There is opportunity for the appropriate level of regulation to give DeFi enough breathing space to make a difference: boosting transparency, increasing financial inclusion and enabling credit to 8 billion people that will see the world take a tremendous jump toward prosperity. Yet there is also potential for overreach that would stifle innovation and growth and have unintended consequences. Unfortunately, we seem to be well down this path already. What is needed is the realization that DeFi shares many of the same goals as financial regulators: overhauling inflexible processes and delivering wider access, cheaper prices and more stability — all while ensuring these benefits are widely shared with all participants in the market. ... DeFi has the potential to create fairer, more transparent and more liquid markets through completely new mechanisms, helping everyone to reduce fraud and front-running, resolving fragmentation and creating markets that are efficient, resilient, fair and equally accessible to all — not just participants that have the right connections.
The most striking difference between what we do and what software developers do is in our end products. In software, the goal is to get to a product that the end-user loves. In data, our goal is to help people make a decision they trust, and the journey the user takes to get there can be just as important as the end result. Most commonly we see this manifested in how we tell stories with our data. We use notebooks to capture context and process, and presentations to guide users to an understanding. It’s in this process that we establish trust, turn charts into insights, and make our data valuable. This is also the driver behind one of the greatest pains of our work: the follow-up questions, and ad-hoc requests. These questions and requests come from a place of curiosity and represent a desire to have that same intimate understanding of data that we get in crafted data stories. And yet, in practice, we try to eliminate these questions with processes that front-load requirements gathering and tools that have made no room for this way of working.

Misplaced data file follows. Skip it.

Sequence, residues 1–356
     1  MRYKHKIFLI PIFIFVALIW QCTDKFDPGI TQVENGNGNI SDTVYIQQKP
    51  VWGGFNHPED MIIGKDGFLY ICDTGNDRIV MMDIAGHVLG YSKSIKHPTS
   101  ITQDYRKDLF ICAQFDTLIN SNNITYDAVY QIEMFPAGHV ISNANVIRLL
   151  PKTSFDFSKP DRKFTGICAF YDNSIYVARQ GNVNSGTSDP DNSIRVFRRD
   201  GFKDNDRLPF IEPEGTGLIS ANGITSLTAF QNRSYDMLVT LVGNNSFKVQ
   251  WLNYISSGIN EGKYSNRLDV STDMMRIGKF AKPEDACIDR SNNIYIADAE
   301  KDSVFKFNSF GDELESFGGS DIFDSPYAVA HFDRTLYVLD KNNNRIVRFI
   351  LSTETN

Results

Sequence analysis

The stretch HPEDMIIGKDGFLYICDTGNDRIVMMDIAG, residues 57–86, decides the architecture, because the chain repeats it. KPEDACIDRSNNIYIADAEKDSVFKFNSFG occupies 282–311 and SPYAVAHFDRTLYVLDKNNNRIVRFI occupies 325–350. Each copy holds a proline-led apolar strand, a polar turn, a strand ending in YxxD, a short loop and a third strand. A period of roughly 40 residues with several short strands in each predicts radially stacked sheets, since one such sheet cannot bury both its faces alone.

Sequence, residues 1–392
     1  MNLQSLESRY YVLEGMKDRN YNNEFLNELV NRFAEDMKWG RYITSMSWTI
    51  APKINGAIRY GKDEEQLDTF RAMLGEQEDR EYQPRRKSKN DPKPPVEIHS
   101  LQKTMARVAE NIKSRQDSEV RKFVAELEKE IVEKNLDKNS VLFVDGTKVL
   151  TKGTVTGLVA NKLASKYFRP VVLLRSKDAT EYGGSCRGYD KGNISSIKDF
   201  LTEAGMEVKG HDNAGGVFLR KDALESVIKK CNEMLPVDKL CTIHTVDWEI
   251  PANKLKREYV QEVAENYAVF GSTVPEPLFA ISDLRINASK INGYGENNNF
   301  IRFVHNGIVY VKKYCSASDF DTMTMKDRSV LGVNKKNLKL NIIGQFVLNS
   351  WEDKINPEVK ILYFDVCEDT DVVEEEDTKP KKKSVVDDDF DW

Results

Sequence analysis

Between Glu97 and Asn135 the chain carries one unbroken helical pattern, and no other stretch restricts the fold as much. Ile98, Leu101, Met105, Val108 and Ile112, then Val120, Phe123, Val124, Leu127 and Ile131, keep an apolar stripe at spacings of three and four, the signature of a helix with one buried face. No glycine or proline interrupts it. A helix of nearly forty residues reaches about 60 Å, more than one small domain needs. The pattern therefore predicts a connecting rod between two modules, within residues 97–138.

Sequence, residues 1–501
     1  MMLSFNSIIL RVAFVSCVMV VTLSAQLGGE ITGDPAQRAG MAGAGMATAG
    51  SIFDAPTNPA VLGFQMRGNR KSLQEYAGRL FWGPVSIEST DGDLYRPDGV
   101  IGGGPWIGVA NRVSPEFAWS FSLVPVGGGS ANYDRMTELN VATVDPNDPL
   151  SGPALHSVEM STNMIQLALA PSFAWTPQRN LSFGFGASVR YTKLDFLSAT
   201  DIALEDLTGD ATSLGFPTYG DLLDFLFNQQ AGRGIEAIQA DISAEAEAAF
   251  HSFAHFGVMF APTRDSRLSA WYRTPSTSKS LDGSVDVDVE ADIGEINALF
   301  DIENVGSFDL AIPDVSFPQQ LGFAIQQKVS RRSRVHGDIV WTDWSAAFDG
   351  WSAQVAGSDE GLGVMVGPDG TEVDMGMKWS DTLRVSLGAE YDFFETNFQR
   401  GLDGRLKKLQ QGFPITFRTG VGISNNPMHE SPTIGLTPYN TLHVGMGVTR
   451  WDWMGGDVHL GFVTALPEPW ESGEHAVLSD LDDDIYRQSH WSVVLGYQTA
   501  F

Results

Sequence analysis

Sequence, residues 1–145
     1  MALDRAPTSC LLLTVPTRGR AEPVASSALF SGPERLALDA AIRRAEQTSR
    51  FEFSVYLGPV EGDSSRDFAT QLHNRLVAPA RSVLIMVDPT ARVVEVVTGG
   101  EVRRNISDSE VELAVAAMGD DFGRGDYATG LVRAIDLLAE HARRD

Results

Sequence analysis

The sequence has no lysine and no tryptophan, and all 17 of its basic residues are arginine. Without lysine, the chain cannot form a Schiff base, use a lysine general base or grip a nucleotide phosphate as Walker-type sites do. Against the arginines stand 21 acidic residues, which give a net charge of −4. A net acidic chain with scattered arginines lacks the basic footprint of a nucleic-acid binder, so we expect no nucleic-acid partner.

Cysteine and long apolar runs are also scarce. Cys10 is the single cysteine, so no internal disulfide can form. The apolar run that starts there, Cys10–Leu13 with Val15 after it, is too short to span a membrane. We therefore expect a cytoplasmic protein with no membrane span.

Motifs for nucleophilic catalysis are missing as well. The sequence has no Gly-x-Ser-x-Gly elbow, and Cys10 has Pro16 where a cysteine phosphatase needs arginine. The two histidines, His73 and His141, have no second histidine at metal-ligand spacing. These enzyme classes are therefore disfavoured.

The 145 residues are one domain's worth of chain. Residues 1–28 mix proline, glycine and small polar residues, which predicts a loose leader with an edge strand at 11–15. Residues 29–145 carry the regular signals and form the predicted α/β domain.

Deployable in minutes, Cloudentity empowers businesses to deliver Open Banking, Embedded Finance and other innovative online services without changing identity providers or application code. Cloudentity delivers a declarative identity and authorization framework that works across any cloud to simplify access control and data governance. From Open Banking to eCommerce fraud prevention, Cloudentity makes it easier to deliver cloud-native applications and safer to extend your data to the customers and partners that matter most. A standout capability of the new SaaS platform is its drag and drop Data Lineage feature, which provides a simple and intuitive way of mapping identity and user context data to an application. For developers, Data Lineage solves the complexities of Single Sign On (SSO) and provides real-time control over who can access each element of your API data. For ITops, DevOps and SecurityOps, teams can rapidly validate controls and pinpoint areas that need to be updated or fixed to prevent API data leakage and meet personal data protection obligations.